Swedish schools, religious as well as secular, distinguish between “education” and “learning,” as odd as that may sound. The former is the curriculum; the latter, the time spent, for example, at recess, lunch, or social gatherings — outside the context of teaching. Religious education and practice are allowed only outside the highly regulated curriculum. Even then, any religious activity, such as school prayer or the lighting of Shabbat candles, must be voluntarily undertaken. In each case, it is up to the parents either to include their children in the activity or to opt out.
This means that there is in fact no religious education in Swedish schools — it is legal only outside the state-mandated curriculum — and so there is no religious education to outlaw. What the state would now outlaw, however, should the proposed legislation pass, is the opportunity for Christian, Muslim, and Jewish children to feel part of a group they can identify with, to learn about their religious and cultural heritage, and to partake of a value system that isn’t built on a belief in the almighty state, blessed be its name.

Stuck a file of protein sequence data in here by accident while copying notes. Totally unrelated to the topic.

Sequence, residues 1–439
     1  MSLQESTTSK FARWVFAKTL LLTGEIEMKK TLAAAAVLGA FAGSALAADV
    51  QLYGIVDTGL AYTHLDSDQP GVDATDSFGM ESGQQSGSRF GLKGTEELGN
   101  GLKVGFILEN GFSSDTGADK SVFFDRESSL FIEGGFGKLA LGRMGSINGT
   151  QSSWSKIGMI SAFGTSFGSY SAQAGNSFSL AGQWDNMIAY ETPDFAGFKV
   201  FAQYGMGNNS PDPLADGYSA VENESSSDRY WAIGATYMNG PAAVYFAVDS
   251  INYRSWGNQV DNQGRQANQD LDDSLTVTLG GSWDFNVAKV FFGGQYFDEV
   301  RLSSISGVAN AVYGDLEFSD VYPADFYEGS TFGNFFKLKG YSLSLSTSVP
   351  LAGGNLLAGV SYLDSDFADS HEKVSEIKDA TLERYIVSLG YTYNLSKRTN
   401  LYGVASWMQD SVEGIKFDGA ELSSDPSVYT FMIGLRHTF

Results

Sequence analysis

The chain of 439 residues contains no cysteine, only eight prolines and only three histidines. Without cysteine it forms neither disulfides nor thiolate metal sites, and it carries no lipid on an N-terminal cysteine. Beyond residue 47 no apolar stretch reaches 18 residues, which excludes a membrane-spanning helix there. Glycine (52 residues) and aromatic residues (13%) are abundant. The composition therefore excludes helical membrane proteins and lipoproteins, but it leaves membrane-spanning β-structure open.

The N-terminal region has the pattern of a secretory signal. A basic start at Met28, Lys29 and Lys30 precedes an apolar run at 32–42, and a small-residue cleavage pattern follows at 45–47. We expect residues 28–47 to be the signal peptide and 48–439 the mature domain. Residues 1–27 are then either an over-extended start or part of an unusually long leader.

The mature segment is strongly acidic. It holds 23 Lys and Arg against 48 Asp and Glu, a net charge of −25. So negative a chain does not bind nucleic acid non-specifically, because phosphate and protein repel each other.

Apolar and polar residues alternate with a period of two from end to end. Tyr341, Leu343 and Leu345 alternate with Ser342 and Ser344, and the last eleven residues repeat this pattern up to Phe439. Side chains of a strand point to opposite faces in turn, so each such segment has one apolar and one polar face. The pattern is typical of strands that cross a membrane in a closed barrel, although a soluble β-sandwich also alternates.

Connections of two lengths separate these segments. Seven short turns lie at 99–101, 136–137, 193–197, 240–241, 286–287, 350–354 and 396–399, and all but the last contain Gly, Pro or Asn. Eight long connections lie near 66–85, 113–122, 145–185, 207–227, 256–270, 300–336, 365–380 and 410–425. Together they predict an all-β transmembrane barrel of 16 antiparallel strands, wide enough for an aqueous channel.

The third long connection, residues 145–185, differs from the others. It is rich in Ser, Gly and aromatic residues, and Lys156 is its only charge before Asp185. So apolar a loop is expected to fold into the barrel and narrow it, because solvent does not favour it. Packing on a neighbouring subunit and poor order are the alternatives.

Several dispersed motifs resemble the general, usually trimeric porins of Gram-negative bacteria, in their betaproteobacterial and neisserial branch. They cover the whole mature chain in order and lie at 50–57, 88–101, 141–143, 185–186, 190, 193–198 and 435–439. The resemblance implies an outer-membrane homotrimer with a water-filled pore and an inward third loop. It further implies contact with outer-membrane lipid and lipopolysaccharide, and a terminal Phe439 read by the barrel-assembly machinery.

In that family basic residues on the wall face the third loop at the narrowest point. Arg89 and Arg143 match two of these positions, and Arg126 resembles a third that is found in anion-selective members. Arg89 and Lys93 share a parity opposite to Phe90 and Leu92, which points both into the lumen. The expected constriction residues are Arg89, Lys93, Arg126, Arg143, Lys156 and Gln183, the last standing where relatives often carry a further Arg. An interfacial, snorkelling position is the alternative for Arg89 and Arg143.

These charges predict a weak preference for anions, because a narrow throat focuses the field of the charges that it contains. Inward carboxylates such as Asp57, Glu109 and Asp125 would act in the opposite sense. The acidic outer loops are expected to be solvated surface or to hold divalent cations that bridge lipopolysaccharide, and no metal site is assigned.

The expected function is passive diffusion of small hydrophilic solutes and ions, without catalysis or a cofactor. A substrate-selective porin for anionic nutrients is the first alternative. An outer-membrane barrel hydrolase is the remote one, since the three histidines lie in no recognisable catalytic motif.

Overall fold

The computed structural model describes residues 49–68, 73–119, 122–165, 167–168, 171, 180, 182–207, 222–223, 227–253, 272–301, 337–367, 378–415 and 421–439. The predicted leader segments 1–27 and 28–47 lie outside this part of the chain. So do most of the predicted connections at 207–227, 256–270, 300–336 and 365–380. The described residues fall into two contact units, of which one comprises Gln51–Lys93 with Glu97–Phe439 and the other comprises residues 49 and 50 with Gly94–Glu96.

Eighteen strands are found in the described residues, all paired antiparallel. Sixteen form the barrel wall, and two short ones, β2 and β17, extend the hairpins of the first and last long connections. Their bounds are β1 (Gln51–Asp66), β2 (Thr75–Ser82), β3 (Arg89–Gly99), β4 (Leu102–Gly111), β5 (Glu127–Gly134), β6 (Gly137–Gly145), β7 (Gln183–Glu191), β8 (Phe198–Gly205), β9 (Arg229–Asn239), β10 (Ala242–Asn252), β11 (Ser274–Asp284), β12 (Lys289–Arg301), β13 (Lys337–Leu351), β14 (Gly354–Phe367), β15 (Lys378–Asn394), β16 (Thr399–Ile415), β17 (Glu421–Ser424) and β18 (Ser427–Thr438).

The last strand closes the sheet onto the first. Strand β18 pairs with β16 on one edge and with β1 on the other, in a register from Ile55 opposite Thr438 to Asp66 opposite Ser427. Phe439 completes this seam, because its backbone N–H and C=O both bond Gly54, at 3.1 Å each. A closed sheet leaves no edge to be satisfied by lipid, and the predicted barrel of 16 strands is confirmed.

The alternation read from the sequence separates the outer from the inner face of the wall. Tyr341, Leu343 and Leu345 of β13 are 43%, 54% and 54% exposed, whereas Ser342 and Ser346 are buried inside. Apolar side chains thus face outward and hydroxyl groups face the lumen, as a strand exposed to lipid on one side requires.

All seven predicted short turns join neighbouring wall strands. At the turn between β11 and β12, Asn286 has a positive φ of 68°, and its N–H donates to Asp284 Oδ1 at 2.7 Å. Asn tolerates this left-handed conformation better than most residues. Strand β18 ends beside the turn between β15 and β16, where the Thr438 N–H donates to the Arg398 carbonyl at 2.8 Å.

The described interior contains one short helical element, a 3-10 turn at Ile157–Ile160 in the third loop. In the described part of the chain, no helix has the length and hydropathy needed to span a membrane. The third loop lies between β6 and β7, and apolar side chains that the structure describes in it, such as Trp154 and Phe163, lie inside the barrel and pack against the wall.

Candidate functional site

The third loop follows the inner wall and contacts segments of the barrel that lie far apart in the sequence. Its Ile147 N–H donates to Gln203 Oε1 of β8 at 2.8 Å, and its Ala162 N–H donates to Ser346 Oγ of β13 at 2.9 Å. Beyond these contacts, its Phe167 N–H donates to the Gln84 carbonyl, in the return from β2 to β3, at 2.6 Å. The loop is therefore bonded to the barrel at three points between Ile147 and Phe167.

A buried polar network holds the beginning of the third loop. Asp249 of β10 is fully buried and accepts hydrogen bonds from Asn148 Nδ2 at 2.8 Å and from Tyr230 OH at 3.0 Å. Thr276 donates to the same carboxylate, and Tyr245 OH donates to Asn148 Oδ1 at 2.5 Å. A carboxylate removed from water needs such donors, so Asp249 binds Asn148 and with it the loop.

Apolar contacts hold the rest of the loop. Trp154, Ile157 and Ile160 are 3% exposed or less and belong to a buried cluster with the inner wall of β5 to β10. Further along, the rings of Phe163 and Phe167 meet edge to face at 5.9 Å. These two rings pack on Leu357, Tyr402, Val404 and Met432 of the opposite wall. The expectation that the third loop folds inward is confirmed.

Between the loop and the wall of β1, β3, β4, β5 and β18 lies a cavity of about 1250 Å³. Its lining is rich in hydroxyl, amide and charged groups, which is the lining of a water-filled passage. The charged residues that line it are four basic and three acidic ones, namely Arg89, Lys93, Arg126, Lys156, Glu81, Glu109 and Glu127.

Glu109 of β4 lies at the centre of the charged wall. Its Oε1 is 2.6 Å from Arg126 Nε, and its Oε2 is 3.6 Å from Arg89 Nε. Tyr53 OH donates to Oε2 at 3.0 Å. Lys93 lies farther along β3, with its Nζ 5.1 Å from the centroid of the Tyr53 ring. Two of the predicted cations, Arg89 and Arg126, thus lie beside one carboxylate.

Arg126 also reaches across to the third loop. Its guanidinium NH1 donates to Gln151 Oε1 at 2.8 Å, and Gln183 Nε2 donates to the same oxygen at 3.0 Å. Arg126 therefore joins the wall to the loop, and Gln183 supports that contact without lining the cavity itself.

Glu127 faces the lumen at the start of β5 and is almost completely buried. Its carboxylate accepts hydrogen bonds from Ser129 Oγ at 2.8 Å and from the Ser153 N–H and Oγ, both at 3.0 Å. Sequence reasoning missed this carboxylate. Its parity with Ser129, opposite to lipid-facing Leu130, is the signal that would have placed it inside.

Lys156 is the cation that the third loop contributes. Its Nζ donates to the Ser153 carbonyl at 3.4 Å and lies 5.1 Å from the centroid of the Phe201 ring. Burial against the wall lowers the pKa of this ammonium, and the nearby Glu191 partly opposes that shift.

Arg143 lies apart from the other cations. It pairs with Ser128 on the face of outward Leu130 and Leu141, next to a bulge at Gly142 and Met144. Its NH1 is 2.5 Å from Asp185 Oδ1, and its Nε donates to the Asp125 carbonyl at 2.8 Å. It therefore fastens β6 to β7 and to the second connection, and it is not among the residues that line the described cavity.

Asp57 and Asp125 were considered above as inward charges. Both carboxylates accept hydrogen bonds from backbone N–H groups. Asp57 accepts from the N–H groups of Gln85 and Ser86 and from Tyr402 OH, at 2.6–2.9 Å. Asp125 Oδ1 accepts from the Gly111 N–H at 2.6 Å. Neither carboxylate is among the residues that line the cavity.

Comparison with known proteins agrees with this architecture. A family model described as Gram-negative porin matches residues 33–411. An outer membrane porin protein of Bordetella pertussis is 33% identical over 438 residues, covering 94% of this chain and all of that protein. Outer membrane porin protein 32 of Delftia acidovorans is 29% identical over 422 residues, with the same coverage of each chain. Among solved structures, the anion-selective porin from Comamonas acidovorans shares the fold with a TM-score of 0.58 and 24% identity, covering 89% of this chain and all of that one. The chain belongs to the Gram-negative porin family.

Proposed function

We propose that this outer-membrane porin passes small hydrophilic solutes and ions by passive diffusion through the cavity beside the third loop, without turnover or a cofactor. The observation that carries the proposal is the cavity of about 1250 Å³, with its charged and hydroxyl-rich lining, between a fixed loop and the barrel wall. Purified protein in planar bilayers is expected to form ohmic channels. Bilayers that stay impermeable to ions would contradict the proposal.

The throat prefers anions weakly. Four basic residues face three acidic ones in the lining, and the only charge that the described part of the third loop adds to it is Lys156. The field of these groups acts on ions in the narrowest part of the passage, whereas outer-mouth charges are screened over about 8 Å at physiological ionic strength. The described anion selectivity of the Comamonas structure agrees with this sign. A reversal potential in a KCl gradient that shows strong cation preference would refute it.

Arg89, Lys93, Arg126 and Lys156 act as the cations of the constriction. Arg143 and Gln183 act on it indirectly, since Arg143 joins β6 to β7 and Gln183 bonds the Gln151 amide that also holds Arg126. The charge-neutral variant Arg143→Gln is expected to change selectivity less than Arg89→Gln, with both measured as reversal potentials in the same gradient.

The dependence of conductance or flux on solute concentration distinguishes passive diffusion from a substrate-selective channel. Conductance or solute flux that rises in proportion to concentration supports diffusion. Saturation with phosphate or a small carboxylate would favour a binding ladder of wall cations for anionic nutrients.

… As we all know, it is much easier to outlaw liberty — that has always been Sweden’s default choice — than to struggle with the questions it raises and the perils it poses.
(Annika Henroth-Rostein, Sweden Aims to Outlaw Religious Education, Which Is — Already Illegal)
“The question” here is Muslim immigrants now 10% of the Swedish population, with 11 Islamic schools segregating boys and girls. My blog title is based on this book, which is on my bought-but-not-yet-read list.
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It is not bigotry to be certain we are right; but it is bigotry to be unable to imagine how we might possibly have gone wrong.
Bigotry is an incapacity to conceive seriously the alternative to a proposition.
A man … is only a bigot if he cannot understand that his dogma is a dogma, even if it is true.
(G.K. Chesterton) Be of good courage, you who are called “bigots” by those who are unable to conceive seriously the alternatives to their dogmas.